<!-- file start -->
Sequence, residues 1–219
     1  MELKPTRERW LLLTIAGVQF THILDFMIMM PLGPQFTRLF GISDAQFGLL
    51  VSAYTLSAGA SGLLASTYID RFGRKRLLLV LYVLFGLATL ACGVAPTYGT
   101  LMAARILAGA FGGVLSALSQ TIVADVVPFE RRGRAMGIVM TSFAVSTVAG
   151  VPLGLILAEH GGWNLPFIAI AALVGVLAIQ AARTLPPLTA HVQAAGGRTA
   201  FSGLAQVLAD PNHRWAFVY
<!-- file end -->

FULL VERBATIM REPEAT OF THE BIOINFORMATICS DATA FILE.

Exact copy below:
Sequence, residues 1–219
     1  MELKPTRERW LLLTIAGVQF THILDFMIMM PLGPQFTRLF GISDAQFGLL
    51  VSAYTLSAGA SGLLASTYID RFGRKRLLLV LYVLFGLATL ACGVAPTYGT
   101  LMAARILAGA FGGVLSALSQ TIVADVVPFE RRGRAMGIVM TSFAVSTVAG
   151  VPLGLILAEH GGWNLPFIAI AALVGVLAIQ AARTLPPLTA HVQAAGGRTA
   201  FSGLAQVLAD PNHRWAFVY